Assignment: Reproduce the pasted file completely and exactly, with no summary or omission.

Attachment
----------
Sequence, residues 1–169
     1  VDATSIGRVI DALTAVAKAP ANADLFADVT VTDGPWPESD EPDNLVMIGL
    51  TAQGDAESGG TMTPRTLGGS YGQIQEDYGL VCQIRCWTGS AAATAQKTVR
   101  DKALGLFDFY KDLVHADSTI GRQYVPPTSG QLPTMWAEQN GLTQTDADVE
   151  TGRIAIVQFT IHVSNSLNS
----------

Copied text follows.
Sequence, residues 1–169
     1  VDATSIGRVI DALTAVAKAP ANADLFADVT VTDGPWPESD EPDNLVMIGL
    51  TAQGDAESGG TMTPRTLGGS YGQIQEDYGL VCQIRCWTGS AAATAQKTVR
   101  DKALGLFDFY KDLVHADSTI GRQYVPPTSG QLPTMWAEQN GLTQTDADVE
   151  TGRIAIVQFT IHVSNSLNS